But nowhere was Oscar's duality more in evidence than it was in the acting prizes for females. Mo'Nique, who had been resistant about traditional campaigning, started her speech with this pointed bit: "First, I would like to thank the Academy for showing that it can be about the performance and not the politics." But then to crown the evening, the Oscar bestowed its highest honor on Sandra Bullock, a win that was very much about Hollywood politics and status and all the extra stuff outside of movies and acting choices. Bullock, a smart and gracious winner, understood what was behind her win as well as Mo'Nique understood her situation, though they won Oscars for entirely different reasons. "Did I earn this or did I just wear you down?" Sandra asked to big laughter from the crowd. Oscar has two faces.

 

Perhaps in keeping with this duality, Oscar thought two hosts would be better than one. But even here there was hit (Steve Martin) and miss (Alec Baldwin). The two actor/hosts had good chemistry—those Paranormal Activity and Snuggie bits were priceless—but it was obvious which one had years of experience under his feet with improvised live comedy and which one was more comfortable with multiple takes and a script.

 

In short, if you watched the Oscars on Sunday, you saw a lengthy uneven tribute to Hollywood's elite by the industry itself. Half of it was awesome, and the other half awkward. One golden eye gazed lovingly at this year's favored stars, and the other glanced nervously at its home audience, hoping that this is what we tuned in to see.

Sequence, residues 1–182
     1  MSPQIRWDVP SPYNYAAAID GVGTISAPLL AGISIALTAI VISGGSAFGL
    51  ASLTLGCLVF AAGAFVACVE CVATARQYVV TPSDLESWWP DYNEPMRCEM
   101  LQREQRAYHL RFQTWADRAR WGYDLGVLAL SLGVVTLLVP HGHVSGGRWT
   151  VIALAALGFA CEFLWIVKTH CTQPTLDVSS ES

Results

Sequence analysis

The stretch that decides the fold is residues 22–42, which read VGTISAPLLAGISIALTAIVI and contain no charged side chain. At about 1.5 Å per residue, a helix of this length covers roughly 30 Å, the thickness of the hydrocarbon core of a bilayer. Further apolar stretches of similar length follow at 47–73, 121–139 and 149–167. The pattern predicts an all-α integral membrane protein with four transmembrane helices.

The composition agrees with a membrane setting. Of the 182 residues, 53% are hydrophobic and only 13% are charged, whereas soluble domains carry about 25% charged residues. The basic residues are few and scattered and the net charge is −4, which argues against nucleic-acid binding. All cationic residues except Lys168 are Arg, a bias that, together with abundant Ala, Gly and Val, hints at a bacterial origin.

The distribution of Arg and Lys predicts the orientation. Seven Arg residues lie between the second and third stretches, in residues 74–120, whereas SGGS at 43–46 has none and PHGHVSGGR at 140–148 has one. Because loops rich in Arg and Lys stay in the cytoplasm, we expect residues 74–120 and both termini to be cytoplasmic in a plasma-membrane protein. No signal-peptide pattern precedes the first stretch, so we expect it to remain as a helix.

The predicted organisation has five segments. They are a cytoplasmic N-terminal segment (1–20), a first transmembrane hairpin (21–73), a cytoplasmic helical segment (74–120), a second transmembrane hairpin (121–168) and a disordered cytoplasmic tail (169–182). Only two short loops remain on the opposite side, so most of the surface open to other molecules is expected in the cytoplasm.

The show promised to be swift but went nearly a half-hour over time. Same as it ever was! But does that matter for an institution? Some people will never be pleased with the Oscar ceremony, and some people will always love it, but both groups are watching the same show.

 

Oscar is older and maybe not much wiser. Some people say it's lost its spark. But does that matter? Whether we're currently in or out of love with it, it's been married to our popular culture for 82 years. For better or worse.

 



Nathaniel Rogers blogs on The Film Experience. He is also a bit of an Oscar savant.

 

More in this series:
The Oscar Combination
Oscars: The Best of... Everything?
The Peoples' Globes
Sundance: The Oscar Connection
Oscar Noms: Ten Talking Points

Oscars: The Acting Races
Oscars: Change vs. Tradition